Big Rock, Algoma, c. 1920
Gifted by Margaret Harris, daughter of the artist, to Private Collection as a wedding gift in 1942;
Lawren Harris met the other artists who were to form the Group of Seven through the Arts and Letters Club. He had been a founding member of the Club and had a background very different to the other members of the Group. Harris was born in Brantford, Ontario and was an…
Lawren Harris met the other artists who were to form the Group of Seven through the Arts and Letters Club. He had been a founding member of the Club and had a background very different to the other members of the Group. Harris was born in Brantford, Ontario and was an heir to the Massey-Harris fortunes, which supplied him with an independent income. A wealthy, conservative and religious upbringing in Toronto provided him with many privileged experiences. His education included St. Andrew’s College at the University of Toronto. At age nineteen, he travelled to Europe to study art in Germany for three years. In 1908, he toured through the near East with a writer and had the illustrations he made there published in “Harper’s Bazaar.”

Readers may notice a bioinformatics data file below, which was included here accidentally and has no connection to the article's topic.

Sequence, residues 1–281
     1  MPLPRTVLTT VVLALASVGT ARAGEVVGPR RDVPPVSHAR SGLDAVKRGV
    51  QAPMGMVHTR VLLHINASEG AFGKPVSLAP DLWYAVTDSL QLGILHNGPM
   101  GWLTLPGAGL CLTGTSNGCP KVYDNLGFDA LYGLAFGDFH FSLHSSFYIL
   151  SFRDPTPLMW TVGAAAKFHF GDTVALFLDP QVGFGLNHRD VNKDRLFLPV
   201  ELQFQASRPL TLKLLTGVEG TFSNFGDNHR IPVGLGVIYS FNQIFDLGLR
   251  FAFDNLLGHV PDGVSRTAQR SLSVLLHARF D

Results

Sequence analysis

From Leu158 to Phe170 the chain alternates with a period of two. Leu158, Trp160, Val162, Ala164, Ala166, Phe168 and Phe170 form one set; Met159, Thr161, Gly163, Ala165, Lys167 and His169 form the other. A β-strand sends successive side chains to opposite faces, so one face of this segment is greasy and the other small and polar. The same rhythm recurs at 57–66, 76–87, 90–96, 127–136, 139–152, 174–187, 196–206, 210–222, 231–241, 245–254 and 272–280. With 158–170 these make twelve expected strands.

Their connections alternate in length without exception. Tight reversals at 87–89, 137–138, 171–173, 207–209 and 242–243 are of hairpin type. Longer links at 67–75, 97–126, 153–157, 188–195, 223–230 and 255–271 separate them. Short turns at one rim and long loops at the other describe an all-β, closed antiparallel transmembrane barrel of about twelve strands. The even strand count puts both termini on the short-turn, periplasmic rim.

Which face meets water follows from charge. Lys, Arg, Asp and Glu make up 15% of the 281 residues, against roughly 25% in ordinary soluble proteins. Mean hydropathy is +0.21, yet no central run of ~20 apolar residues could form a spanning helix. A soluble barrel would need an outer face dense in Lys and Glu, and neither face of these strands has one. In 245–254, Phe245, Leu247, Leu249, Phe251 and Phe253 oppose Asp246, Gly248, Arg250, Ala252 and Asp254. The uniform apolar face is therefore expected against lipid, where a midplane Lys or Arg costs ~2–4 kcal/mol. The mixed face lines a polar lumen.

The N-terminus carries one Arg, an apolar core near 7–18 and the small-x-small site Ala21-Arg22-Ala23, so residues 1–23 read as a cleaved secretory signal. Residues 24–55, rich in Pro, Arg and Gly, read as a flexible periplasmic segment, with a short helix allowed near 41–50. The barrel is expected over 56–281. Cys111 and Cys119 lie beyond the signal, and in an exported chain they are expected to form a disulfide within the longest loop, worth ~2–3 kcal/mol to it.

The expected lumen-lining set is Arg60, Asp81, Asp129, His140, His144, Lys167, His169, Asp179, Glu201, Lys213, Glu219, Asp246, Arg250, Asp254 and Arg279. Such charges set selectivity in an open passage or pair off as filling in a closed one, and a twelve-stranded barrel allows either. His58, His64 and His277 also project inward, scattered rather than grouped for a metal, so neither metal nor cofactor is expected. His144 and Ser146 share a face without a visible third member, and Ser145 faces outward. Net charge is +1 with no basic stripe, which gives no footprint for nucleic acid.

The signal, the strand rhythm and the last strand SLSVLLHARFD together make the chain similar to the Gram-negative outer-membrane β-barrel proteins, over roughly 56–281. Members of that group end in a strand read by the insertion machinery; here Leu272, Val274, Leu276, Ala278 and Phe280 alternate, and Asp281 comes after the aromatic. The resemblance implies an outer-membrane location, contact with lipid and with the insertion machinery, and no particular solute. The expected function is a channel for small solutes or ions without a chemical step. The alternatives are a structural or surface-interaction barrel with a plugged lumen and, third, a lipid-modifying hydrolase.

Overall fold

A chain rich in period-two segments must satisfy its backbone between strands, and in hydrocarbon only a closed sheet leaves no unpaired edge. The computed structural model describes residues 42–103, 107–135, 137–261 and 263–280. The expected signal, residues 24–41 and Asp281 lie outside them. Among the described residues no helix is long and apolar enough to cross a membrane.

Harris was an enthusiast and organizer. The idea of the Studio Building, where all Group members could work, originated with Harris, who paid three quarters of the cost, while Dr. McCallum contributed the rest. After his discharge from the army, where he taught musketry at Camp Borden, Harris persuaded the Algoma Central Railway to lend him a boxcar and so began the first trips to Algoma. Harris invited artist friends – all expenses paid – and outfitted the boxcar as a studio on wheels with bunks, tables, chairs, a stove, shelves, a canoe and a 3-wheel jigger for short runs up and down the tracks. The last Algoma trip was in 1921. At this time, Harris and Jackson travelled to the North Shore of Lake Superior. Harris became widely known for paintings of this area. Here, the starkness and bareness of the landscape corresponded with the direction in which his paintings were moving.
Lawren Harris was convinced that art must express spiritual values as well as portraying the visible world. To him, the role of the artist and the function of art was to reveal the divine forces in nature. He gradually moved toward greater abstraction and thus more complete expression of his philosophical views. Harris was doing much more than trying to paint the northland as he saw it. His goal was to incorporate his spiritual feeling for the landscape into his work. After 1924, he no longer dated or signed his works because he did not want them to be tied to a specific artist or place. While Lawren Harris continued to explore new ideas, he also continued to be a driving force behind the Group of Seven.